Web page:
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Silas Redd Rumors: USC Might Force Walk-On To Give Up Scholarship

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Mar 22, 2012; Los Angeles, CA, USA; Southern California Trojans coach Lane Kiffin at spring practice at Howard Jones Field. Mandatory Credit: Kirby Lee/Image of Sport-US PRESSWIRE
Mar 22, 2012; Los Angeles, CA, USA; Southern California Trojans coach Lane Kiffin at spring practice at Howard Jones Field. Mandatory Credit: Kirby Lee/Image of Sport-US PRESSWIRE

So Michael Lev of the Orange County Register has been doing some USC scholarship math with regards to the Silas Redd situation, and he is seeing something that might make Trojan fans a little uneasy: 76 scholarships for 75 players. However, he's done some reporting and it appears that there could be some self-sacrifice in order to make room for Redd in this situation. Find out more about the story after the jump.

One possible solution to the problem is asking a former walk-on now on scholarship to surrender said scholarship for the 2012-13 academic year.

I recently spoke to one of those candidates. I will not reveal his identity because our discussion took place off the record. But here’s the gist of what he had to say regarding the possibility of losing his scholarship:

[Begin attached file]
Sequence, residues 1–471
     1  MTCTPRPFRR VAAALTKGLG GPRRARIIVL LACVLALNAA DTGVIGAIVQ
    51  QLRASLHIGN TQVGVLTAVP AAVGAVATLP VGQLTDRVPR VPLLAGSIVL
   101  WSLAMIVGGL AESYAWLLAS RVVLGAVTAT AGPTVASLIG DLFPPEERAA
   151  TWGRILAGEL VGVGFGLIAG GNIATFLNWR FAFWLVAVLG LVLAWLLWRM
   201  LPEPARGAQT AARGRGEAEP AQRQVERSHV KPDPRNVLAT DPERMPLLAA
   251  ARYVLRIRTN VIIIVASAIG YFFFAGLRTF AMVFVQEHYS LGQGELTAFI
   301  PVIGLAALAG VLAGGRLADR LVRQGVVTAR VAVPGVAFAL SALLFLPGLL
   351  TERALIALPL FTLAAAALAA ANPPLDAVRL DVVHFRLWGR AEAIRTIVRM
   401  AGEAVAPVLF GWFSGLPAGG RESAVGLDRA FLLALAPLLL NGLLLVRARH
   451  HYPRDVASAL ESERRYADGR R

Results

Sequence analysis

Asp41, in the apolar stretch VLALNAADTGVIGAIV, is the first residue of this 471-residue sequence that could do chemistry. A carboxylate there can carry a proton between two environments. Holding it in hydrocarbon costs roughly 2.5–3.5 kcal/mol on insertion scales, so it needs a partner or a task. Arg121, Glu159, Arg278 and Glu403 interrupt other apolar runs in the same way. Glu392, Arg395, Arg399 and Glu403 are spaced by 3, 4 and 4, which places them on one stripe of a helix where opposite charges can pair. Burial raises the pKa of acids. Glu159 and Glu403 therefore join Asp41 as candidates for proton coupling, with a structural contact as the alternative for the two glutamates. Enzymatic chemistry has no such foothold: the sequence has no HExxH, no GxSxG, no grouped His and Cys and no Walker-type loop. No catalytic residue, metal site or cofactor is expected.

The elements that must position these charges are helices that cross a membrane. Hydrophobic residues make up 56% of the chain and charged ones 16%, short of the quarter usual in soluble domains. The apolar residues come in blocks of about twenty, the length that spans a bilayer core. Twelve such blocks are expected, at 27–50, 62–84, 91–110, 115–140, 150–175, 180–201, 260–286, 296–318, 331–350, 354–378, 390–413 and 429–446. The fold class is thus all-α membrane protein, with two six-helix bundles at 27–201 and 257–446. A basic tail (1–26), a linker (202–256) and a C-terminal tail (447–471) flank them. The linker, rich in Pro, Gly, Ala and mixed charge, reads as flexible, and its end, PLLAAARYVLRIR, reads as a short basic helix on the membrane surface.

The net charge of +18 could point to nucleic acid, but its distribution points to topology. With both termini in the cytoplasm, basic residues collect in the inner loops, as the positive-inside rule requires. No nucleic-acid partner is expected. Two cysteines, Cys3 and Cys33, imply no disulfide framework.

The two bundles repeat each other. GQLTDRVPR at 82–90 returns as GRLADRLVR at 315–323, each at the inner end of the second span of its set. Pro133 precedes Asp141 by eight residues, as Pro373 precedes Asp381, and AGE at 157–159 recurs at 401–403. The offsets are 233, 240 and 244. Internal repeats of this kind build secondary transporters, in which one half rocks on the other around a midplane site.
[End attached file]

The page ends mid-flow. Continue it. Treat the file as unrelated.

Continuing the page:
The player said he would be "heartbroken" if it came to that because he had worked so hard to earn the scholarship. However, when the player initially received it, Kiffin explained that it was a year-to-year deal and that the player might have to give it back if USC’s roster limitations left no other recourse.

Before everyone goes on a Lane Kiffin-bashing crusade (and yes, it can be very easy to go down that route given Kiffin's recruiting history), the debate about a walk-on giving up a scholarship is a difficult one, because situations are different depending on the player. Some players who are walk-ons receiver provisional scholarships that come on a one-year basis to fill up the rosters with 85 or 75 or whatever the limits are for the team. Others receive full scholarship status after proving that they've become capable football players in the rotation.

So it's quite possible that if a scholarship is given up by any of the Kiffin players, it's part of a given arrangement that was already agreed upon between player and coach. The player might have agreed to a scholarship given there was space for him to have a scholarship, but knew the potential risks given the limits Kiffin would have to work with.

Choose this witch hunt carefully.